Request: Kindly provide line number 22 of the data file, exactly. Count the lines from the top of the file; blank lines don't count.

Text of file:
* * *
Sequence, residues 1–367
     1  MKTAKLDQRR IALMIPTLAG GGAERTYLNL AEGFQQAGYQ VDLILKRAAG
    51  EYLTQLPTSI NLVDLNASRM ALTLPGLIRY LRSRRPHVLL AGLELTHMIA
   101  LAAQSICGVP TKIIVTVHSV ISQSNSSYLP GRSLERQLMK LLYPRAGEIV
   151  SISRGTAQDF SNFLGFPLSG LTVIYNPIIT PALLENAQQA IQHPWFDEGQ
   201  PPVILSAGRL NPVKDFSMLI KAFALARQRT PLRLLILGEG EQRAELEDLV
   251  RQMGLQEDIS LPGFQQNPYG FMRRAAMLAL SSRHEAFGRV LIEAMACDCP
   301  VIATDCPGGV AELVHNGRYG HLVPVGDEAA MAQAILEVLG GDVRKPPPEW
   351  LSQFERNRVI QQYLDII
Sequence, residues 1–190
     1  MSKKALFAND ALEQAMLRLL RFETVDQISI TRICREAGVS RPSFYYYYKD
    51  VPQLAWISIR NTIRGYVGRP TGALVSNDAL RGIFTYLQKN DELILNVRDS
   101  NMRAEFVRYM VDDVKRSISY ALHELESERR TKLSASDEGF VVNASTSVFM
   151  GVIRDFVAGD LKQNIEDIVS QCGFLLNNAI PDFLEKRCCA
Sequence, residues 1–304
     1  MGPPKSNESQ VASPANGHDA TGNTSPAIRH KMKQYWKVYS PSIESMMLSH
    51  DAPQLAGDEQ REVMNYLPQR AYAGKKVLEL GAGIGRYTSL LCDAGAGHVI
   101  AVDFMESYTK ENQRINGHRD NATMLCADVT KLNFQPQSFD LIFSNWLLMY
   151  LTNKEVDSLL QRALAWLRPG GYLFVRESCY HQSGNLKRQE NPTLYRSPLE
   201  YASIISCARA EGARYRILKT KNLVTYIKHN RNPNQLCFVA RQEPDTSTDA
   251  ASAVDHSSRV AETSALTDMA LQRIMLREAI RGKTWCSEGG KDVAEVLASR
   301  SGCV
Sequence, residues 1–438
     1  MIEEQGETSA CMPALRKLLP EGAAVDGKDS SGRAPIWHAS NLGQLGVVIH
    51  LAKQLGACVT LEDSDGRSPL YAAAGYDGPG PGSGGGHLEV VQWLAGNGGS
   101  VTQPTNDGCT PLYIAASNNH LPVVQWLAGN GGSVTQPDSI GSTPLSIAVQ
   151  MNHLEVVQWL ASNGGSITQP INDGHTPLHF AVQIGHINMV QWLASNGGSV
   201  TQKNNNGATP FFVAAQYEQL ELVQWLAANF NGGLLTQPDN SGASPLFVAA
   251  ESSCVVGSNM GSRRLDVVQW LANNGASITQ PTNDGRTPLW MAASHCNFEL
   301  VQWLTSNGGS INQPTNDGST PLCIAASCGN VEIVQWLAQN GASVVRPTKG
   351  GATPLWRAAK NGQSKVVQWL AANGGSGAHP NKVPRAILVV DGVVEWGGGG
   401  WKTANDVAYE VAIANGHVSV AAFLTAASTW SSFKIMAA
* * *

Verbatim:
   301  SGCV